Archive
Communications
The First Ring Tone (Apr, 1956)

Telephones Will “Ring” With Musical Tones
Telephone users will welcome the news that the Bell Telephone Laboratories is experimenting with a new device that will eliminate the b-r-r-r-ing of present-day instruments. The gadget, using transistors, will produce pleasant musical tones resembling those of a clarinet. Sound emanates through the louvred area at the base of the set, shown in the photo with a white background.
This device requires less than 1 volt for operation; the ordinary telephone bell needs about 85 volts. A full-scale field trial of the new equipment is expected to provide enough technical data and customers’ reactions to help determine its future.

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Build your own answering machine (Jun, 1958)

“Impossible, you say? The miracle of electronics has all but removed the word “impossible” from the dictionary.”

Make the POP’tronics Secretary

Tell your friends that their telephone messages to you will he recorded by electronics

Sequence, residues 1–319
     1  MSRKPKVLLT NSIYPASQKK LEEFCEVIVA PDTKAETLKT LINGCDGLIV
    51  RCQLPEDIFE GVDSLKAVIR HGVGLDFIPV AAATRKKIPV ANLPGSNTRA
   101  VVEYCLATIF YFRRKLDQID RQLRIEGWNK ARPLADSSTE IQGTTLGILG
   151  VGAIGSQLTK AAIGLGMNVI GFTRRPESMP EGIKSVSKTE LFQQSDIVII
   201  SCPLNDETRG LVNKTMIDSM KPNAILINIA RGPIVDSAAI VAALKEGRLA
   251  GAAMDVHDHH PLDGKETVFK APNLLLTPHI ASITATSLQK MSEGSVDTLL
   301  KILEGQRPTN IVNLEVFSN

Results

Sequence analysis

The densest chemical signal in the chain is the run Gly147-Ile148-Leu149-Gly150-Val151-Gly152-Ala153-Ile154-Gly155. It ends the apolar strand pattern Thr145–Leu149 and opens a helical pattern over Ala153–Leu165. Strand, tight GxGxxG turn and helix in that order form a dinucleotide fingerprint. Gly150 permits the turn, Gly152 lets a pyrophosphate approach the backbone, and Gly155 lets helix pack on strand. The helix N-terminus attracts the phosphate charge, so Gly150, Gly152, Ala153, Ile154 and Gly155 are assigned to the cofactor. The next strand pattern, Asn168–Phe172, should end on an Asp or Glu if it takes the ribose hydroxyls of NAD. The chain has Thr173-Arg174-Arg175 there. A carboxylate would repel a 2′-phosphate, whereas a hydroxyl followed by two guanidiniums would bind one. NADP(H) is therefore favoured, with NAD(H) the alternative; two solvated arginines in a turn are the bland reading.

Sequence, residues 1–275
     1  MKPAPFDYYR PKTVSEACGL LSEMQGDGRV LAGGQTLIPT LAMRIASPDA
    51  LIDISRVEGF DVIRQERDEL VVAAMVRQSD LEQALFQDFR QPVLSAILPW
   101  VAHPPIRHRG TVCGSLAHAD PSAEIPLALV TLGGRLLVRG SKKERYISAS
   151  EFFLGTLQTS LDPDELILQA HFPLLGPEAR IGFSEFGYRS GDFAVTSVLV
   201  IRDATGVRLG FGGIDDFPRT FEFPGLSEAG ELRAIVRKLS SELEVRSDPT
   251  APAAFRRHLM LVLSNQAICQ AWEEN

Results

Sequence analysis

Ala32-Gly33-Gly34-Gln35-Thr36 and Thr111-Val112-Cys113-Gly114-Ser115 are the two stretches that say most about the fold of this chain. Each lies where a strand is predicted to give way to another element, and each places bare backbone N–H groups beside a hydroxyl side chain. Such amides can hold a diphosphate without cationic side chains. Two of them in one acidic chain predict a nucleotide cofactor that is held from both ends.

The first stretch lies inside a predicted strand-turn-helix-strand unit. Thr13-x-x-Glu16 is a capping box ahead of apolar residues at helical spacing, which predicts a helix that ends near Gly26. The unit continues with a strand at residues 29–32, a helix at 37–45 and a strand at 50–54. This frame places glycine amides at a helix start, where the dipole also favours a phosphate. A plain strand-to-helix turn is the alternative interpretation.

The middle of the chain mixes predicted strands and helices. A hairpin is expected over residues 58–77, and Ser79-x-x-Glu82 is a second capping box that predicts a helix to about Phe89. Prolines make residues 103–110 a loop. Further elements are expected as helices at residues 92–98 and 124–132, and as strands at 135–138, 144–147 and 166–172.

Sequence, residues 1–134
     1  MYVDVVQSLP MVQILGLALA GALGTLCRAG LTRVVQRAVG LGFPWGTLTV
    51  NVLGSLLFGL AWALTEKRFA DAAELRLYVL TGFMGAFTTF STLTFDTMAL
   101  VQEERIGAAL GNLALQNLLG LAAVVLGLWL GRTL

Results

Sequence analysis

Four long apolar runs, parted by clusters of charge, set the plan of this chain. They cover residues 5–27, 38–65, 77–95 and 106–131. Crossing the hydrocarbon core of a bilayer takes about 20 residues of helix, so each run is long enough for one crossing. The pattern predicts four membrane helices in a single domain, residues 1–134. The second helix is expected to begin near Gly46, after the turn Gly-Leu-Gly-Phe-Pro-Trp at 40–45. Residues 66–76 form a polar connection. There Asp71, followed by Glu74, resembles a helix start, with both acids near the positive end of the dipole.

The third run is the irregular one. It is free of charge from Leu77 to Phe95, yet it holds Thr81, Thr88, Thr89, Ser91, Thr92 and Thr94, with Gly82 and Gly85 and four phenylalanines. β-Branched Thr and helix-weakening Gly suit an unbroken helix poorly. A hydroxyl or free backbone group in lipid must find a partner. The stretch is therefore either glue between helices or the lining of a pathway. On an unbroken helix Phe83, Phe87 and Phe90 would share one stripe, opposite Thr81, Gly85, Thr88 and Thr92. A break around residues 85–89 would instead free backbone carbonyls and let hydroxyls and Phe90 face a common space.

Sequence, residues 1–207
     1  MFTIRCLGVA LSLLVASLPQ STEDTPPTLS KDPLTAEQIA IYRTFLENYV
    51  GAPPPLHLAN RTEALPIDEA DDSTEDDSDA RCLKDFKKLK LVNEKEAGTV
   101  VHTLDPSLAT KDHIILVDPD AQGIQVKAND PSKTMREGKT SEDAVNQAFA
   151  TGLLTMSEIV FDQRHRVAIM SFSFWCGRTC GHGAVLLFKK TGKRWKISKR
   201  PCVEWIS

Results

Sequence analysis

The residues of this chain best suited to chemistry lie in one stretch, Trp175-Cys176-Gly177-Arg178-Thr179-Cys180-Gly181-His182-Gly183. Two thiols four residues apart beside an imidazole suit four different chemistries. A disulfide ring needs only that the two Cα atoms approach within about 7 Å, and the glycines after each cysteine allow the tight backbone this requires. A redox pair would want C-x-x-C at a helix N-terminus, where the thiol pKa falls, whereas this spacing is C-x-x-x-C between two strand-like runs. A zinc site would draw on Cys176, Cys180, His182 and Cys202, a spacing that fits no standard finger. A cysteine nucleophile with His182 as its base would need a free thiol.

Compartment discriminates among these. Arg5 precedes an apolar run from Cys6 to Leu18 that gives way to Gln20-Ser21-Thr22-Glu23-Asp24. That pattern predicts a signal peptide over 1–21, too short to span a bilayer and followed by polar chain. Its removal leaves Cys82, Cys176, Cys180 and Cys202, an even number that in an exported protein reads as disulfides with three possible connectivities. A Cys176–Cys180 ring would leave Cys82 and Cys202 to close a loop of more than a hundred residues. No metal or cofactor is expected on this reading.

By TRACY DIERS

HOW WOULD YOU LIKE to have a secretary who will answer your phone and take messages at any hour of the day or night but who will demand no pay and no coffee breaks? Impossible, you say? The miracle of electronics has all but removed the word “impossible” from the dictionary.

There are two types of systems you can build which will do this job for you. The deluxe system requires two tape machines or one tape machine and one disc machine— when a call comes in, it plays a recording of instructions and then switches over to record the message. The simpler type, to be described here, requires only one recorder and anyone who can put together a small amplifier can build it.

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Subliminal Advertising (Apr, 1958)

Now ad men have a new way to persuade you. They can pop a suggestion into your mind, using TV or movies, without your knowing it

TV’s New Trick: Hidden Commercials

By Wesley S. Griswold

PROBABLY you’ve heard about—perhaps even worried about—a revolutionary new way to beam messages into the human mind. Especially suited to TV and movies, the new idea-injecting technique is said to work while you, all unawares, are innocently enjoying the program. The idea-words appear superimposed on the picture images too fast and too dimly to be seen in the normal way. Yet they register on your mind.